Music therapy is being used in an increasing number of contexts to provide support for a range of complex mental health needs. It has also been used for many years to help the ongoing development of service users with various developmental disabilities. Evidence suggests that people living with autism are one group that may be able to benefit from the unique interventions music therapy can provide.
Those in care home jobs for learning disabilities in Basingstoke should consider any kind of therapy that can improve outcomes and quality of life for their service users. This includes music therapy, which has been shown to improve communication skills, self-expression and social development among service users with autism.
What is music therapy?
At its most basic, music therapy is the use of various musical elements and techniques, such as rhythm, melody, song and instruments, to provide support for people with a range of mental health issues or disabilities.
The actual structure of a therapy session can vary widely depending on the individual therapist and the needs of the service user. It may involve singing or utilising any of a number of different musical instruments. Music therapy can be considered receptive when it involves listening to other people’s music, or active when service users create the music themselves. It does not require actual musical ability and is not the same as being taught to play an instrument.
How can it specifically help people living with autism?
A particular advantage of music therapy is that you do not need to be able to speak to experience its benefits. Service users with autism often experience communication difficulties, including being non-verbal, so music therapy may be accessible to them in a way other therapies are not.
Being able to listen to or create music gives autistic people a new way to interact with the world around them, and a form of expression not dependent on their verbal communication skills. The volume, pitch and speed of music can be used to deliver a specific feeling or belief, just as people change their tone of voice in different situations.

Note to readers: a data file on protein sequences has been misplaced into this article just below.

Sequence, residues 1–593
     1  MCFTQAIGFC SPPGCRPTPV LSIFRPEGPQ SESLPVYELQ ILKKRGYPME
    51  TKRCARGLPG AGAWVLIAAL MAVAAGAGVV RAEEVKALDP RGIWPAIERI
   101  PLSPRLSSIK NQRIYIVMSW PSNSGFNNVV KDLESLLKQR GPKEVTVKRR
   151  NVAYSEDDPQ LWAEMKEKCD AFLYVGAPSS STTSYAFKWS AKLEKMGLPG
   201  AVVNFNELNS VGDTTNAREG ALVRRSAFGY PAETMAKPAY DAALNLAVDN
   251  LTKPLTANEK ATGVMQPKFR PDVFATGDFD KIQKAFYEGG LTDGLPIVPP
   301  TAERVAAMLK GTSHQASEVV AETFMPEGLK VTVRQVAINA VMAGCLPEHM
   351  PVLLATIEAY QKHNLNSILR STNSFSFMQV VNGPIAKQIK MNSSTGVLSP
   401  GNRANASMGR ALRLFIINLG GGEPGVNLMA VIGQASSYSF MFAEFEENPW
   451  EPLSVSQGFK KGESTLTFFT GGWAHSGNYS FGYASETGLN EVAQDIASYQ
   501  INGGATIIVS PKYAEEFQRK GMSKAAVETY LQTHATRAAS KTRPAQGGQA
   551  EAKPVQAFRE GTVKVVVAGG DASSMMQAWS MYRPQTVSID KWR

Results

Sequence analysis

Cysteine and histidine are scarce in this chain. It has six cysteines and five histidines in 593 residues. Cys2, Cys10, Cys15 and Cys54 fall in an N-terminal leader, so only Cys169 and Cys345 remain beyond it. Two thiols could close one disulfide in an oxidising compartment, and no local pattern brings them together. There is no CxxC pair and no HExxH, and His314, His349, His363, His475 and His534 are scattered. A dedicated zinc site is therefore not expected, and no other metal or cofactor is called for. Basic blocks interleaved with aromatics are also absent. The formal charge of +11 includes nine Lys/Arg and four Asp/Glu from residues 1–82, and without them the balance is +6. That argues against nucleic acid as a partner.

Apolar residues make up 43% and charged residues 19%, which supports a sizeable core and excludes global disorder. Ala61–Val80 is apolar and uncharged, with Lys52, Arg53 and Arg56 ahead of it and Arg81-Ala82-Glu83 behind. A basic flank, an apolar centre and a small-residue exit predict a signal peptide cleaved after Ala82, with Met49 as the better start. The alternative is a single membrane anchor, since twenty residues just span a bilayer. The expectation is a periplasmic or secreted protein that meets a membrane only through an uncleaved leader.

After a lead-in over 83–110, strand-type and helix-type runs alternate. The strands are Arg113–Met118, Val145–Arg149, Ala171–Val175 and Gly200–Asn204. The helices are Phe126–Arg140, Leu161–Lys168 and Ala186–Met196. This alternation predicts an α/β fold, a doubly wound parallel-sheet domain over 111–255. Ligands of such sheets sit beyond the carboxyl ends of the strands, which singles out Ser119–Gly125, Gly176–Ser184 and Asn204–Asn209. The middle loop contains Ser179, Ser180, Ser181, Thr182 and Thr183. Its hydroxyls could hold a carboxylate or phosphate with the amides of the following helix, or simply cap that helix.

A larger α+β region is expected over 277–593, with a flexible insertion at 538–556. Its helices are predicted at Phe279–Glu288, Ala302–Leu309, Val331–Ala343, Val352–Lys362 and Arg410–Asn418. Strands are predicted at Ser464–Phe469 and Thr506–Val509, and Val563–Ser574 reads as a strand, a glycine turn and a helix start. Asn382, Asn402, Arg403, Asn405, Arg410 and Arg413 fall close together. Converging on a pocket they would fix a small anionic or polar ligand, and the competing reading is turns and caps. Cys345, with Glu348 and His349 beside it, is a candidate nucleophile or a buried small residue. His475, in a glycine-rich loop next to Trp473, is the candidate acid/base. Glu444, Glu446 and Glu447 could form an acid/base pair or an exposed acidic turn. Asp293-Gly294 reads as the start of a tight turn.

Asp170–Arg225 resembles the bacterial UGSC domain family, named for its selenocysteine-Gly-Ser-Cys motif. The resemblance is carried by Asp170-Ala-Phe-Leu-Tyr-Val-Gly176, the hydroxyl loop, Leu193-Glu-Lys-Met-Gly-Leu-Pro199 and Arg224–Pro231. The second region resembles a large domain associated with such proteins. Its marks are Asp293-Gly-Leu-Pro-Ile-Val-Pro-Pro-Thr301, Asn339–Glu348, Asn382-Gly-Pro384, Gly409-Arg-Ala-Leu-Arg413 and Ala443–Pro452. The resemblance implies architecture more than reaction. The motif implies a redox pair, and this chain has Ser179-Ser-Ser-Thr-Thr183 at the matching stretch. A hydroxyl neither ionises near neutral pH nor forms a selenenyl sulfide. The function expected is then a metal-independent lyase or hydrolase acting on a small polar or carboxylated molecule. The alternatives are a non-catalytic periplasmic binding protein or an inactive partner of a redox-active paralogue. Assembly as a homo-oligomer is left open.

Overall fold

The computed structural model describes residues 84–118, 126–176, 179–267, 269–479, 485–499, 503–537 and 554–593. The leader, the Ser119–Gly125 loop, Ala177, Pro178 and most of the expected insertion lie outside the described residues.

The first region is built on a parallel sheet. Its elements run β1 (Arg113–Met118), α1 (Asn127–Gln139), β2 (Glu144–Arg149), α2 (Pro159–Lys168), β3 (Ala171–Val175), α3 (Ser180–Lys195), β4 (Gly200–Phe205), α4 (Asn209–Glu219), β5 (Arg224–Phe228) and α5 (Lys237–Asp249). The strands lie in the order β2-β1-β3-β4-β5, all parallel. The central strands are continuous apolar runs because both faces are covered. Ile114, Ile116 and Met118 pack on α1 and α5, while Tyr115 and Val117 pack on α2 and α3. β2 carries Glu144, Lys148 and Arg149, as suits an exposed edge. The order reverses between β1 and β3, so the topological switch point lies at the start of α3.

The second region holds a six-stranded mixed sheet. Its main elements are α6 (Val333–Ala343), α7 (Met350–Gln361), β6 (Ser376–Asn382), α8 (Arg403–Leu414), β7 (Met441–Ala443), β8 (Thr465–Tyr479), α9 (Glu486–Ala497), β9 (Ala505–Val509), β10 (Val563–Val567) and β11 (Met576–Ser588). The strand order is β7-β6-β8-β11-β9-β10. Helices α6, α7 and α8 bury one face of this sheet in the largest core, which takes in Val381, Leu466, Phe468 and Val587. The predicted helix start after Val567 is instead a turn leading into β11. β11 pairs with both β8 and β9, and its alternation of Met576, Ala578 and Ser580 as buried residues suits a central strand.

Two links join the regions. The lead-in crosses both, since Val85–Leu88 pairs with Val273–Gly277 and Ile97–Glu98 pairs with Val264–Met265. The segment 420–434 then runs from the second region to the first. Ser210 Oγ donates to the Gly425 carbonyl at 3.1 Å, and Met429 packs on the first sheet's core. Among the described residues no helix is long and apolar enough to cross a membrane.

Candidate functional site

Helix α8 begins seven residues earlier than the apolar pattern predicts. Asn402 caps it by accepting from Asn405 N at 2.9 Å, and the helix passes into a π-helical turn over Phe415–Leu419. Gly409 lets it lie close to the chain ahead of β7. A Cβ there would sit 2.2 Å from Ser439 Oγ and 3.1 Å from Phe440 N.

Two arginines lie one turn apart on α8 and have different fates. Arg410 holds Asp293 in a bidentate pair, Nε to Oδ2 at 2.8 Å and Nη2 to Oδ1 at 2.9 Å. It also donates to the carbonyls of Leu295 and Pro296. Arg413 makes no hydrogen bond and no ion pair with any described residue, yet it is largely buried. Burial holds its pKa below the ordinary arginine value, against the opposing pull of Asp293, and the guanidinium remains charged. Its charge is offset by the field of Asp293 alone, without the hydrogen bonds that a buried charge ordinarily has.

Service users with autism also often find comfort in repetition, so music with regular rhythm can provide the strong pattern they need to help regulate their own thoughts and emotions. There is also often a strong collaborative element to musical creation and performance, providing autistic service users with new opportunities for social interaction with less anxiety.
Music therapy in care home jobs for learning disabilities in Basingstoke
There are a range of ways you may want to incorporate music therapy into the service you provide. This could include providing music that matches non-verbal communication to help service users find new ways to express themselves, or teaching rhythmic patterns as a form of self-soothing and emotional regulation. It may involve collaborative projects where autistic service users have the opportunity to work together to produce music. Playing instruments may improve mobility and coordination.
Any care home jobs for learning disabilities in Basingstoke could benefit from the utilisation of music therapy for people living with autism who need additional support. It can ease some of the anxieties and communication difficulties these service users often experience and provide new opportunities for social interaction and self-expression.